The inferonasal portion of the lens was subluxed and apposed to the cornea. The lens capsule was intact and of normal thickness anteriorly, and the lens epithelium was normal except for occasional areas of mild proliferation at the point of contact with the cornea. There were also minor cataractous changes in the subjacent cortex. Dense fibrovascular tissue was adherent to the posterior surface of the lens inferonasally (Fig. 8), and had apparently induced wrinkling of the thickened lens capsule in the area of attachment (Fig. 9). Moderate cataractous changesincluding epithelial proliferation, some bladder-cell formation, disruption of cortical fibers and pockets of liquefaction - were present subjacent to this area. The fibrovascular tissue tapered inferiority and became continuous with the sclera in the region of the scleral roll (Fig. 9). Ciliary epithelium lined the posterior aspect of this fibrovascular tissue for a short distance, and vitreous strands and zonular fibers were attached to its peripheral and posterior aspects (Fig. 8).
Fig. 1. Gross photograph of right globe with inferonasal corneal leukoma (arrows).
Fig. 2. Interior of globe with superonasal cap removed. A white fibrous plaque (asterisk) is on the posterior lens surface nasally and extends through the iris coloboma to the region of the scleral spur (arrow). The inferonasal portion of the lens is subluxed forward.
Fig. 3. Histologic sections of anterior segment of right eye showing anterior subluxation of lens through nasal iris coloboma and touching the back of cornea. This zone of thinned cornea (large arrows) corresponds to the clinical leukoma. A remnant of the pupillary membrane (smaller arrows) bridges from temporal iris leaf to anterior edge of corneal defect. A fibrovascular plaque (arrowhead) is adherent to posterior surface of lens. Iris stub is encircled. (PAS. original magnification x 10)
Fig. 4. Thinned inferonasal cornea from left eye with disorganized stroma, absent Bowman's membrane in region of superficial vascularization (arrows), and remnant of pupillary membrane (arrowhead) interposed between lens and cornea. Descemet' s membrane and endothelium are absent in this area. The anterior lens capsule is uniform and intact. (Masson, original magnification x 240)
Fig. 5. Thickened Bowman's membrane (asterisk) in region of thinned cornea without vascularization. (PAS, original magnification x 750)
Fig. 6. Fibrous tissue (asterisk) interposed between attenuated Descemet's membrane (arrows) and endothelium (arrowheads) in the inferonasal corneal periphery, adjacent to area of keratolenticular adhesion. (PAS, original magnification x 700)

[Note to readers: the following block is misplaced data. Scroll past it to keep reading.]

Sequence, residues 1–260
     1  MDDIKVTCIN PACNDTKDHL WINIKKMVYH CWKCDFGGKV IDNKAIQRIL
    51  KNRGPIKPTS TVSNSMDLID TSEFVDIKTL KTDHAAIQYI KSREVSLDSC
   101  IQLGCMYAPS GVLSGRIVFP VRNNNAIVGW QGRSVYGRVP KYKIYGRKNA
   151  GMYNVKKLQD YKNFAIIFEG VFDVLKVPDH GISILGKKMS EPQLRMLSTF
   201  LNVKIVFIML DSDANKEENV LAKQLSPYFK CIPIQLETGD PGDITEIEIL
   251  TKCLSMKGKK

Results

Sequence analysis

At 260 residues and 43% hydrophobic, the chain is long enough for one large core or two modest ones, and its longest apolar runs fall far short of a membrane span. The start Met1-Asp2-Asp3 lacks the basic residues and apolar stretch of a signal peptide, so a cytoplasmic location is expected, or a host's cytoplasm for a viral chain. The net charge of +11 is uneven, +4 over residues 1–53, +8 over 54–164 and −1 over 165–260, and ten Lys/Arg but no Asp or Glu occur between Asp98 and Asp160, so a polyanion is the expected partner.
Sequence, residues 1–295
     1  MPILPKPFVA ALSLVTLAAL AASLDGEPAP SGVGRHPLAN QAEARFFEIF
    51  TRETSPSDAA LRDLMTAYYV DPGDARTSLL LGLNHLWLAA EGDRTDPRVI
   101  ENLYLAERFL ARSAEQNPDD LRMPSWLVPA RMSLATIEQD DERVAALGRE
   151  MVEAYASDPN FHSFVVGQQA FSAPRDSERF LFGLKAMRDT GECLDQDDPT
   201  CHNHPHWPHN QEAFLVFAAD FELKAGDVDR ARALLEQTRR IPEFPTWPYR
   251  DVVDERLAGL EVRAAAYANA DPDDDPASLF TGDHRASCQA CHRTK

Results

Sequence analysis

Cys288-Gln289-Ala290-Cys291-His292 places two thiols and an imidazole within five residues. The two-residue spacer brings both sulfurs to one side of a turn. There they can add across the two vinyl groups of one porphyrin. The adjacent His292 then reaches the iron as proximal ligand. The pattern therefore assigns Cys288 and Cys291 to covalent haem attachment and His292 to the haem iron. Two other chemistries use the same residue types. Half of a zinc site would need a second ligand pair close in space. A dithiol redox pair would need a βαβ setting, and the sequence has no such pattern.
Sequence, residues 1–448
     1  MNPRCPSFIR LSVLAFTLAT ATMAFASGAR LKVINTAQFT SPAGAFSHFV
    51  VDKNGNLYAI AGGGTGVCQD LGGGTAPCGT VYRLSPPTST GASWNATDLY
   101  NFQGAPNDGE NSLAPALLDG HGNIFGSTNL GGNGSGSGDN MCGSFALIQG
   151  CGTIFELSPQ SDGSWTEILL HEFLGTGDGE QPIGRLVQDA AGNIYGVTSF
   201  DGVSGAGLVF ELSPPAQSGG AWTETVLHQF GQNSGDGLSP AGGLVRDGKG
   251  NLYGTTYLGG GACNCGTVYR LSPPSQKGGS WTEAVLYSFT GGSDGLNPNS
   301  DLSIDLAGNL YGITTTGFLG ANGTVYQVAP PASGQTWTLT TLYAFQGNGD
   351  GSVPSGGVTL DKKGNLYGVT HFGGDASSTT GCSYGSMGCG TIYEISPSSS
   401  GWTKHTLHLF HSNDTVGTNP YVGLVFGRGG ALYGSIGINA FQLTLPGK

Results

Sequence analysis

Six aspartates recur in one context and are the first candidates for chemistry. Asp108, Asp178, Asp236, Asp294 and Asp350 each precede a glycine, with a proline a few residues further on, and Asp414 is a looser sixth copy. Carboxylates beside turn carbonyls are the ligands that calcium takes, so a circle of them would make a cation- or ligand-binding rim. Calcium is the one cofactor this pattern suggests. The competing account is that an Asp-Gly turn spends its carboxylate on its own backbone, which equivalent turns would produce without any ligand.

Fig. 7. Thin strands of residual pupillary membrane (arrows) traceable to superior and temporal iris leaf, extending to anterior margin of keratolenticular apposition (arrowhead) of right eye. (PAS, original magnification x 250)
Fig. 8. Left eye with total absence of iris inferonasally. A retrolenticularfibrovascular mass (asterisk) is adherent to lens capsule in region of iris coloboma. Vitreous strands and apparent zonular fibers extend from peripheral and posterior aspects of this mass (arrowheads), (hematoxylin and eosin. original magnification x 100)
Fig. 9. Serial sectioning shows that the fibrovascular retrolenticular tissue described in Fig. 8 has induced marked wrinkling (arrow) of posterior lens capsule. Inferiorly, the mass tapers and becomes continuous with sclera in region of the scleral spur, (hematoxylin and eosin, original magnification x 70)
Fig. 10. Inset shows stromal lamellae of corneal leukoma to be strap-like and loosely organized. Keratocytes are increased in number and have extended processes. Descemets membrane is absent. A discontinuous layer of similar-appearing cells fine the back of cornea, interposed among loose collagenous layers. Phase contrast, paraphenylenediamine, x 600. Main figure shows this area by electron microscopy to have randomly-oriented collagen fibrils and fibrob/astic-appearing cells with considerable rough-surfaced endoplasmic reticulum (original magnification x 12,500)
In the area of the iris coloboma, the angle structures were also abnormal. The trabecular meshwork was either absent or rudimentary and no scleral spur couid be identified. The remaining structures of both eyes were not remarkable.
Electron Microscopic Examination
In the area of the corneal leukoma, stromal lamellae were poorly differentiated; the collagen fibrils seemed almost randomly oriented (Fig. 10). No Descemet's membrane-like material was discernible, and the cells lining the posterior aspect of the stroma appeared fibroblastic with an extensive array of rough-surfaced endoplasmic reticulum. The clinically-transparent regions of the stroma, however, showed relatively normal lamellarorganization, a uniform Descemet's membrane consisting of multilamellar basement membrane material with 1100 A banding, and a continuous endothelial monolayer (Fig. 1 1), At higher magnification (Fig. 12), striking differences were evident among the individual collagen fibrils: in clear cornea, fibrils of usual 240 A diameter were constant; but in the leukoma, collagen fibrils were consistently of larger diameter, ranging from 400 to 480 A, with many presumed elastic fibrils also present. The typical macroperiodicity of 600 A was apparent in the collagen fibrils of both areas.